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 The Third Level of Inquiry: Rhetoric-Stage Reading

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Kelley
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PostSubject: The Third Level of Inquiry: Rhetoric-Stage Reading   Mon Jan 08, 2007 2:16 am

Do you sympathize with the characters? Which ones, and why?

Does the writer's technique give you a clue as to her "argument"- her take on the human condition?

Is the novel self-reflective?

Did the writer's times affect him?

Is there an arguement in this book? Do you agree?
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Kelley
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PostSubject: The Third Level of Inquiry: Rhetoric-Stage Reading   Sun Jan 14, 2007 4:12 am

Do you sympathize with the characters? Which ones, and why?

I think that it is difficult to be sympathetic with the characters, because they really have no definition as characters. They almost 'lose qualities' as they progress into being completely faithful. It is easier for me to identify with characters with flaws and human-ness.

Does the writer's technique give you a clue as to her "argument"- her take on the human condition?

I think that the story itself identifies the author's take on the human condtion, sin, and the difficulties of the journey of faith. More interestingly I think the differences between the way the author portrays Christian's journey and Christina's journey. Christian had a personal journey of faith with areas of weakness and personal growth. Christina faced very little 'personal' difficulties, and all of the adversaries are met by a guide or a male character.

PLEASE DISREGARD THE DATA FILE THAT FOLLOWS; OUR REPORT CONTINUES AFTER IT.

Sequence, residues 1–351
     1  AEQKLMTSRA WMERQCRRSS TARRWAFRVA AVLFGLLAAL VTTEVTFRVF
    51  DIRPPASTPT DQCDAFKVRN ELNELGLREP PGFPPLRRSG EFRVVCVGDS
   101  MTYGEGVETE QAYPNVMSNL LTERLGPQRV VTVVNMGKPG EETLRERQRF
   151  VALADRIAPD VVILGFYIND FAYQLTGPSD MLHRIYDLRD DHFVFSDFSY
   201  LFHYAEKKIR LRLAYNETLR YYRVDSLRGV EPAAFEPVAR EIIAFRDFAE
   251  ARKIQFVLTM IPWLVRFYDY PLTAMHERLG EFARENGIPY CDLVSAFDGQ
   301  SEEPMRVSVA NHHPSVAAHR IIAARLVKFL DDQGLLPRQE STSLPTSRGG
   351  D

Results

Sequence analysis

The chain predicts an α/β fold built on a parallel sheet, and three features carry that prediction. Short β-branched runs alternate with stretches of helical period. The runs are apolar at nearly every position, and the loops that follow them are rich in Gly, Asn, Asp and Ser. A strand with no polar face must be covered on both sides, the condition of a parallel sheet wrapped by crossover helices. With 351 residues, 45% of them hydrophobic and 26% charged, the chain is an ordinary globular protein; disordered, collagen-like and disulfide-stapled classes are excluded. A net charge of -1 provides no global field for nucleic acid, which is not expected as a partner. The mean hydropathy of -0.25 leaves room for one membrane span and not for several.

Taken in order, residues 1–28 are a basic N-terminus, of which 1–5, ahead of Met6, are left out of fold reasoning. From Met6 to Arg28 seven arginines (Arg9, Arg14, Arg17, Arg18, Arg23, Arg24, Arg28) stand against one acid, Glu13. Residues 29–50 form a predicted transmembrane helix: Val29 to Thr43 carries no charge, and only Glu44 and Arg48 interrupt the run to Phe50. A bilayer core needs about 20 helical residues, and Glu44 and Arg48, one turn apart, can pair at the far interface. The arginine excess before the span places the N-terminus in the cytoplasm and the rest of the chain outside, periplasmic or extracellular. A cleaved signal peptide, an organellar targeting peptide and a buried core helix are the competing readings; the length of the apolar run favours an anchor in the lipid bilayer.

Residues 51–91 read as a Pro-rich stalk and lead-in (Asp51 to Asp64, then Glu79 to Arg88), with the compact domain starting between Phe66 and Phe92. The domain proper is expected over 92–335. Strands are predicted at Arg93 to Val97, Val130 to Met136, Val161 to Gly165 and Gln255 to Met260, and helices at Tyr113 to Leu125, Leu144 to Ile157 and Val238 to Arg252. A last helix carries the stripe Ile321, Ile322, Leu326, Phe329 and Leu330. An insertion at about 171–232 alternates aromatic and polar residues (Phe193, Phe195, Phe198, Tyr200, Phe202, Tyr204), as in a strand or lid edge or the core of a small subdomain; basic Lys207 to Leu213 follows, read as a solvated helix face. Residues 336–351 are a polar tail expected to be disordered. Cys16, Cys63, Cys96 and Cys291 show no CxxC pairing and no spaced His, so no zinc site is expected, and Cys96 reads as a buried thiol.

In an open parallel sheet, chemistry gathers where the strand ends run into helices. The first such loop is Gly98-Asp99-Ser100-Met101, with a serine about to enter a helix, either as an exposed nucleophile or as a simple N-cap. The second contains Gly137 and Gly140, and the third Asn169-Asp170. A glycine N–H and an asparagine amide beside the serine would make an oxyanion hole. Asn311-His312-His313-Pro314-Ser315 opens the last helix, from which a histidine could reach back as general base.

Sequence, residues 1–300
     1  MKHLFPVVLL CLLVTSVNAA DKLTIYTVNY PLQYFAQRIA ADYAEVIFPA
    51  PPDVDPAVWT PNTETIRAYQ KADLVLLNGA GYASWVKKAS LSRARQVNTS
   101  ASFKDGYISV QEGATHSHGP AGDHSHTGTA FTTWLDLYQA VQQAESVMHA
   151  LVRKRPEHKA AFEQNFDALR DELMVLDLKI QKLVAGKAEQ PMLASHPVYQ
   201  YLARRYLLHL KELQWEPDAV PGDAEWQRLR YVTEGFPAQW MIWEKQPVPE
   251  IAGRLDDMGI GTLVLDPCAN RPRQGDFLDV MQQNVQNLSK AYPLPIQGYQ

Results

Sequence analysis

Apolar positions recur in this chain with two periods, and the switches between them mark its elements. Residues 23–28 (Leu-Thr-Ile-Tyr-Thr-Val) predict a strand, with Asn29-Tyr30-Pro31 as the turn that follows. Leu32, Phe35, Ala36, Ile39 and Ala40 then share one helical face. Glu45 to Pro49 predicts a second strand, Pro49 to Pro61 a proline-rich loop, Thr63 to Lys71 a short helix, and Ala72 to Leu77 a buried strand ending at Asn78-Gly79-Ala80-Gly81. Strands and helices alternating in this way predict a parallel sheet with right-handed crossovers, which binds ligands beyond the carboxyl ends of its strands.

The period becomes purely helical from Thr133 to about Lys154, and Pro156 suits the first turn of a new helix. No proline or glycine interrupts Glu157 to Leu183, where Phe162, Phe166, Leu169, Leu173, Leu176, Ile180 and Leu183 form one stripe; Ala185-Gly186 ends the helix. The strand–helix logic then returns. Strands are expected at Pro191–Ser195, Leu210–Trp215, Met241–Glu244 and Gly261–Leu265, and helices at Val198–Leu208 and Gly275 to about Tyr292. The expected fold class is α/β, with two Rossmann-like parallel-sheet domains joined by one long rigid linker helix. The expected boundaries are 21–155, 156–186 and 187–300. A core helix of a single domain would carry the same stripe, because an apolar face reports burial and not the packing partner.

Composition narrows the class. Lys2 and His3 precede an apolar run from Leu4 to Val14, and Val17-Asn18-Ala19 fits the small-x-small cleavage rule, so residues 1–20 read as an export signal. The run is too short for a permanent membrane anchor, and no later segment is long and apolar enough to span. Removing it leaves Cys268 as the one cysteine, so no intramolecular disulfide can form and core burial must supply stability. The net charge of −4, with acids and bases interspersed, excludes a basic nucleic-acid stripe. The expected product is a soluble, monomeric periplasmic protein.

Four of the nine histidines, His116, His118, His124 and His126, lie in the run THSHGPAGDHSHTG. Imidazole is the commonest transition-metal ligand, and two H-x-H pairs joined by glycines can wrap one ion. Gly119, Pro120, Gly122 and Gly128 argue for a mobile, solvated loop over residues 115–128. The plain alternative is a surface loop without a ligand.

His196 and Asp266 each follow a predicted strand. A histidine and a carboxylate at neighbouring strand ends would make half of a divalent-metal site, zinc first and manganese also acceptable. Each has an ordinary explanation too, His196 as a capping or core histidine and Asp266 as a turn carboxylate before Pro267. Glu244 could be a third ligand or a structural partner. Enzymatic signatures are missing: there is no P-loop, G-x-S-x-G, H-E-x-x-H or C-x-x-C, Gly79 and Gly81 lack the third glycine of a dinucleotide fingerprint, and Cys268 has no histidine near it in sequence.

Did the writer's times affect him?

The author started writing this book while he was imprisoned. Some of the prison scenes are most likely similar to some of the situations he saw. We also know that he was persecuted for his religion and this book may have not only been to inspire, but also a form of showing his persecutors that he, like his characters, would continue their journey's of faith regardless of what stands in their way.
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Karen

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PostSubject: Re: The Third Level of Inquiry: Rhetoric-Stage Reading   Tue Jan 16, 2007 8:01 pm

the writer was affected by his times in that England was in and had been in a religious upheaval for over 50 years. it was the most encompassing thing going on in England at the time. Many educated folks spent time reflecting on this, writing upon this and discussing with one another. An opinion was expected of them. Getting to heaven meant being Godly on this earth and what better way than to research and write for the masses?
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Kelley
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PostSubject: Good Point   Wed Jan 17, 2007 4:28 pm

I think that you are right, mom. I think that we see bits of this next book too. Thanks for the posts.
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